One way or the other, someone gave [Santa Ana Mayor Miguel] Pulido a gift of roughly $200,000. Either the NAPA Auto Parts guys gave him a lot with a house on it in exchange for a lot with no house on it (a difference of about $200,000 in value) or the buyer in Westminster gave Pulido nearly $400,000 for a house worth only $200,000.
Not quite sure which end gave him the gift, but it is in there somewhere; pick a side.
Does Pulido want us to believe he traded property without an appraisal on either end to determine comparative value? That makes him a horrid steward of resources and unfit for public office. If he knew the difference in value and failed to report it, that is illegal and again makes him unfit for public office. We can let him choose which scenario preserves his dignity to his liking, but the outcome is always the same.
Time for Pulido to be ousted from office. I wonder if the Internal Revenue Service knows about this $200,000 in additional income?
— Cynthia Ward
It’s just really sad that not one person of interest, resident or civic leader from the city of Santa Ana filed a complaint with the Fair Political Practices Commission. It’s so bad, the agency initiated it’s own investigation? (How often does that happen?)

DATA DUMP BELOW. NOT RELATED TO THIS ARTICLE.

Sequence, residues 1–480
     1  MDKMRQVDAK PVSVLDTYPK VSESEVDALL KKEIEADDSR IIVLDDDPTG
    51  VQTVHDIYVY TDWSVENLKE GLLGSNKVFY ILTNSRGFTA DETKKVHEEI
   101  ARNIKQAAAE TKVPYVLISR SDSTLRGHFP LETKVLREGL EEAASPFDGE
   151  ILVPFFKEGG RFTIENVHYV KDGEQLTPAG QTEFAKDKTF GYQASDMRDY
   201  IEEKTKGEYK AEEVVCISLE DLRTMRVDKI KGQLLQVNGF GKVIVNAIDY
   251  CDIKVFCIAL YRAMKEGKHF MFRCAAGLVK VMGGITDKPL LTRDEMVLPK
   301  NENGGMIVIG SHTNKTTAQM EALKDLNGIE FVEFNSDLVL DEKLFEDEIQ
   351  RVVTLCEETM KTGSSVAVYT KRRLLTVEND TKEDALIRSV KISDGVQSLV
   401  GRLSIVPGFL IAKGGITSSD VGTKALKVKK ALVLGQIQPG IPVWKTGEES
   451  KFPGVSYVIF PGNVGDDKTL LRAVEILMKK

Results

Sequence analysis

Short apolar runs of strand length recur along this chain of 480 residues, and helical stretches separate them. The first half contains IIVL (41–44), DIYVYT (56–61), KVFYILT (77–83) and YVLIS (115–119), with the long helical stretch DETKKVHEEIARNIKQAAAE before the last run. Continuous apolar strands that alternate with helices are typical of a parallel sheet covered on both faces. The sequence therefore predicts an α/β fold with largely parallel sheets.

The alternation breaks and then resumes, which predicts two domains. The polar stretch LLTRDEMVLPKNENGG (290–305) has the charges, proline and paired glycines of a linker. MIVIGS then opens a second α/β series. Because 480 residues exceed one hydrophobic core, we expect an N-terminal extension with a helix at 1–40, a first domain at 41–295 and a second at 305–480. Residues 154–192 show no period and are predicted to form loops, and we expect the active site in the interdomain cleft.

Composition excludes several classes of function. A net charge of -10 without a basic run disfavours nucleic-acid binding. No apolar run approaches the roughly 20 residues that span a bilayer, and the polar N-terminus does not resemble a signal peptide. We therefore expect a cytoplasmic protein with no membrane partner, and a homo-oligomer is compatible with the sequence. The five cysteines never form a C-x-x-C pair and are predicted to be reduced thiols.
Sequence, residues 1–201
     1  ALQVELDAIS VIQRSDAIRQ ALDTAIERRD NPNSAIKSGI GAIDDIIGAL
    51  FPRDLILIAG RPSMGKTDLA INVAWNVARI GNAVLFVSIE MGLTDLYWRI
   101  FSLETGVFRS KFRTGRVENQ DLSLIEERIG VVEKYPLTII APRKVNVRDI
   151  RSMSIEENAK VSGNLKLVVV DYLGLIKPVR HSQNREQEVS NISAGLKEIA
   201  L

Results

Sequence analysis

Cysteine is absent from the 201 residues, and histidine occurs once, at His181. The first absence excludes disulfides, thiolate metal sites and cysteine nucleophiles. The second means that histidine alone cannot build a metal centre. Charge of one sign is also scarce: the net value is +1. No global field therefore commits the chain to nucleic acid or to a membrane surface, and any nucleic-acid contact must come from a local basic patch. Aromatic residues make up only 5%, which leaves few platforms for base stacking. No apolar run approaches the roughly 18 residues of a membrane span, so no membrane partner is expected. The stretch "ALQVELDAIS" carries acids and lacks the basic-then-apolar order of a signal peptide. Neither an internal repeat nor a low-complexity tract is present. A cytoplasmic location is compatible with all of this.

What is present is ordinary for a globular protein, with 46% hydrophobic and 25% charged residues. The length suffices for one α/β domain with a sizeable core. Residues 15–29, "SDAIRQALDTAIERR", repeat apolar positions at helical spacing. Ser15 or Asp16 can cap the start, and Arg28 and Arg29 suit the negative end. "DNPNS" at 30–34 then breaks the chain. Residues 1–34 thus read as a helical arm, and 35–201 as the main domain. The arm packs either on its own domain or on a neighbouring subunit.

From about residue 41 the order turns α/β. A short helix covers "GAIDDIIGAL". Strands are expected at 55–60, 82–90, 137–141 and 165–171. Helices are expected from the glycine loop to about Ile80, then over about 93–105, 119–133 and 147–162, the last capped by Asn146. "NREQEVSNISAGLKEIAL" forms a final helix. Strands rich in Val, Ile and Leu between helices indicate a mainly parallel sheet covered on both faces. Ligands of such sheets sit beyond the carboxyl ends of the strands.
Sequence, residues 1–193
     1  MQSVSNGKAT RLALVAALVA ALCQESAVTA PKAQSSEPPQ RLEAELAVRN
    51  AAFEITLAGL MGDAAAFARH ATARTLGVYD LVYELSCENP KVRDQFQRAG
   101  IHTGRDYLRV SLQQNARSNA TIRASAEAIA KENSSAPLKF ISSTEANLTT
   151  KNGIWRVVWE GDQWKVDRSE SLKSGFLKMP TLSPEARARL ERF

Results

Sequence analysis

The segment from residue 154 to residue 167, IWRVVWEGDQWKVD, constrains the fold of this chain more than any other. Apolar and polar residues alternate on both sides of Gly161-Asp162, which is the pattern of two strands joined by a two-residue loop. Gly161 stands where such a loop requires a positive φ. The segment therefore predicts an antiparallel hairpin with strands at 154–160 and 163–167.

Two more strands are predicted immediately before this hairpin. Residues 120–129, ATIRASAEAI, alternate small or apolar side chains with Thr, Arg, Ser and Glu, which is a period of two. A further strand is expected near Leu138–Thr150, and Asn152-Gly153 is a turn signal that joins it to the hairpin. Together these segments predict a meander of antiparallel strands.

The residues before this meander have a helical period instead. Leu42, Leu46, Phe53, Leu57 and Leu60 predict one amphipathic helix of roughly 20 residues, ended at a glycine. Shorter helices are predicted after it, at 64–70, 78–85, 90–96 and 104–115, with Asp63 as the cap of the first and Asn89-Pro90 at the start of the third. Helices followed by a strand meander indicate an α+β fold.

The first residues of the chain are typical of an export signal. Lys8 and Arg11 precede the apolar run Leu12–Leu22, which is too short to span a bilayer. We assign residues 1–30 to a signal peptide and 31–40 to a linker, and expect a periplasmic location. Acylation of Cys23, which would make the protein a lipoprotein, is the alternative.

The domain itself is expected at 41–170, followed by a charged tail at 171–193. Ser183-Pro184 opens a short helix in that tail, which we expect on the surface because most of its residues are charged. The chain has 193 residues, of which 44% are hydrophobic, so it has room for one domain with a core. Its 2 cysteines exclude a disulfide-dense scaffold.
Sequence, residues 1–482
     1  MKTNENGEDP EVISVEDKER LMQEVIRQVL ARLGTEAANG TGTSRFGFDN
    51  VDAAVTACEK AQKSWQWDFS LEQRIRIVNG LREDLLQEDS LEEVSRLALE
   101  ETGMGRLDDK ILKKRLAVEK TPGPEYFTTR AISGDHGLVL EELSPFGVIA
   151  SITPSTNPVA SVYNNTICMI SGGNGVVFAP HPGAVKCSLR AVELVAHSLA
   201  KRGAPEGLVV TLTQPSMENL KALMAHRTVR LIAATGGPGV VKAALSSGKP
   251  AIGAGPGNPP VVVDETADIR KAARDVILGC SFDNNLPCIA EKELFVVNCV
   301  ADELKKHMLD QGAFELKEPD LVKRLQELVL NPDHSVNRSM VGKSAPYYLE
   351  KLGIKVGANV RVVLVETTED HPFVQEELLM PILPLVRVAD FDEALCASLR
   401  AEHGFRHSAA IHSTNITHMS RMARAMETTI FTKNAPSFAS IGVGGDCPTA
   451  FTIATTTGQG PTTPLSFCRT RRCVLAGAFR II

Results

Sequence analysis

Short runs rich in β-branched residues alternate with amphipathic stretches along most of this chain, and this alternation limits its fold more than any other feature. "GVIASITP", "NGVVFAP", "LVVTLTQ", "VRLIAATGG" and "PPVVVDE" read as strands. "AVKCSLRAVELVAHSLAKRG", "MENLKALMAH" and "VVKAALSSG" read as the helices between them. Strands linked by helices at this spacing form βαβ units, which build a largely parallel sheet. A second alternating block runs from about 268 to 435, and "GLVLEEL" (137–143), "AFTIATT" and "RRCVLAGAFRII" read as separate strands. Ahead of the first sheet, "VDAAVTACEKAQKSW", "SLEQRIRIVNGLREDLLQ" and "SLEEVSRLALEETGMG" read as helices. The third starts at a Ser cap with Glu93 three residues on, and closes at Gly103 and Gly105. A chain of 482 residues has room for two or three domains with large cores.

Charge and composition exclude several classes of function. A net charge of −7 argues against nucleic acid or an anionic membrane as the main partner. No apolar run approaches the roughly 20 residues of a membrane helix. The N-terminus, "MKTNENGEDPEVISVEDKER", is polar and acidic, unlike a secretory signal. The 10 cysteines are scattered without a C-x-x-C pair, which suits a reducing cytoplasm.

Wake up, people! They get away with acts like this because they know no one cares, which is even sadder.
It’s blatantly illegal for a landlord to raise the rent or evict a tenant because a tenant demands repairs or calls Code Enforcement (California Civil Code 1942.5). That said, it doesn’t mean some landlords don’t try.
Code enforcement should be working with community and tenant advocacy groups to ensure this effort doesn’t result in displacement. Done the right way, this could be a significant human rights advancement for Anaheim. We shouldn’t accept slum housing as the only affordable housing; tenants and their families deserve better.